Israel has largely refrained from taking actions to anger Moscow, in part because it relies on Russia for security coordination in neighboring Syria, where Russia maintains a military presence supporting President Bashar Assad, and where Israel frequently carries out airstrikes targeting Iranian forces and their Lebanese proxies.

Israel has denounced Russia’s invasion of Ukraine, but has also offered to act as broker for cease-fire talks.

In addition, Israel’s Foreign Ministry says it is weighing sending additional humanitarian aid to Ukraine, after having dispatched 100 tons of supplies this week. It says it is also evaluating the possibility of setting up a field hospital in Ukraine.


LONDON — With the threat of financial sanctions looming, Chelsea’s Russian owner Roman Abramovich confirmed Wednesday he is trying to sell the Premier League club he turned into an elite trophy-winning machine with his lavish investment.

The speed of Abramovich’s pending exit from Chelsea is striking as he was trying to instigate a plan this past weekend to relinquish some control in order to keep the club under his ownership.

But as Russia’s war on Ukraine entered a seventh day, pressure was growing on the British government to include him among the wealthy Russians to be targeted in sanctions.

“In the current situation, I have therefore taken the decision to sell the club, as I believe this is in the best interest of the club, the fans, the employees, as well as the club’s sponsors and partners,” Abramovich said in a statement.

Abramovich said he will not be asking to be repaid 1.5 billion pounds ($2 billion) in loans he has granted the club during 19 years of injecting cash to elevate the team into one of the most successful in Europe.

“I have instructed my team to set up a charitable foundation where all net proceeds from the sale will be donated,” he said. “The foundation will be for the benefit of all victims of the war in Ukraine.”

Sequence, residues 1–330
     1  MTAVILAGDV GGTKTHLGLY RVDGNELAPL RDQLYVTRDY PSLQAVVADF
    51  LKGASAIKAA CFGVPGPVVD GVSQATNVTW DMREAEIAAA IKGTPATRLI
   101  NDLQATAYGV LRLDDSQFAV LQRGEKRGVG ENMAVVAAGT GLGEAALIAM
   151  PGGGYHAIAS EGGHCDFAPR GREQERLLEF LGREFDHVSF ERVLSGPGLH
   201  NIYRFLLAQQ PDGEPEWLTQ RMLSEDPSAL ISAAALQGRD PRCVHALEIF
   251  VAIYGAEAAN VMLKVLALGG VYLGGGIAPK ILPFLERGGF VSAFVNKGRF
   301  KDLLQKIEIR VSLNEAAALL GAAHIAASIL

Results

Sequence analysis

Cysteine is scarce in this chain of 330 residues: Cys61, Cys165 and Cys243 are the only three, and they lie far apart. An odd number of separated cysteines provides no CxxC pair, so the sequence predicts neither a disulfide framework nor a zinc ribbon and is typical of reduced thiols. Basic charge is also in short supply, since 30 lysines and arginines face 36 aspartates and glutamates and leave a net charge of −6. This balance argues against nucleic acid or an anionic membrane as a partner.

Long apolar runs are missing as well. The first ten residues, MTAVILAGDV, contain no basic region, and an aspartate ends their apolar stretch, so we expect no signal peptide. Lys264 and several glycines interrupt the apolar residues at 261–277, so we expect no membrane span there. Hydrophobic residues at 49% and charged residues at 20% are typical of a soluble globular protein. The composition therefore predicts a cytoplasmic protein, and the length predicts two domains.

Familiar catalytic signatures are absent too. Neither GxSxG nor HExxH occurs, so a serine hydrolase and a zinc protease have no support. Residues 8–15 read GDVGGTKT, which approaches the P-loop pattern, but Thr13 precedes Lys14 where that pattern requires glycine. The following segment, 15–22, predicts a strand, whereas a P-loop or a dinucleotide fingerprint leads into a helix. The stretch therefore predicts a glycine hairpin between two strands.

THE HAGUE, Netherlands — A pretrial panel of International Criminal Court judges has been assigned to evaluate an upcoming request to open an investigation into alleged war crimes and crimes against humanity in Ukraine.

The court took the procedural step Wednesday to be ready when Prosecutor Karim Khan files the request.

He announced his intention on Monday to launch an investigation dating back to 2013 but also including “any new alleged crimes falling within the jurisdiction of my office that are committed by any party to the conflict” that erupted following Russia’s invasion of Ukraine.

There have been widespread reports of Russian military strikes killing civilians in Ukraine.

The court says in a statement that the pretrial chamber “will have to consider whether there is a reasonable basis to proceed with an investigation, upon examination of the Prosecutor’s request and the supporting material.”

Canada and Lithuania have both said they plan to ask him to investigate alleged crimes in Ukraine. If they do, Khan can open an investigation without first seeking approval from judges.


MOSCOW — A top aide for Russian President Vladimir Putin says Ukrainians are on their way to Belarus for talks that have been scheduled for Thursday.

“As far as I know, the Ukrainian delegation has already departed from Kyiv, is en route ... We’re expecting them tomorrow,” Vladimir Medinsky, the head of the Russian delegation, told reporters Wednesday evening

According to Medinsky, the two sides agreed on the Brest region of Belarus, which borders Poland, as the site of the talks.

Ukraine President Volodymyr Zelenskyy’s office confirmed to The Associated Press that the delegation is on its way, but gave no details on the time of the arrival.


NEW DELHI — India’s Prime Minister Narendra Modi has spoken to Russian President Vladimir Putin for the second time in the past week as Moscow intensified its invasion of Ukraine.

Putin and Modi on Wednesday reviewed the situation in Ukraine, especially in the city of Kharkiv where many Indian students are stuck, according to a statement from Arindam Bagchi, India’s External Affairs Ministry spokesperson. They discussed the safe evacuation of the Indian nationals from the conflict areas, Bagchi said.

The telephone conversation between Prime Minister Narendra Modi and Putin came as the U.N. General Assembly approved a resolution demanding that Russia stop war in Ukraine and withdraw all troops.

India last week had abstained from voting on a U.N. Security Council resolution demanding that Russia cease its invasion of Ukraine. Russia vetoed the resolution while China and the United Arab Emirates also abstained.

Earlier in the day, India asked all its nationals to leave Ukraine’s second largest city of Kharkiv by Wednesday evening based on information received from Russia.

Bagchi also said nearly 17,000 Indian nationals, mostly students, out of an estimated 20,000, have left Ukraine. India is trying to evacuate the rest to nearby countries.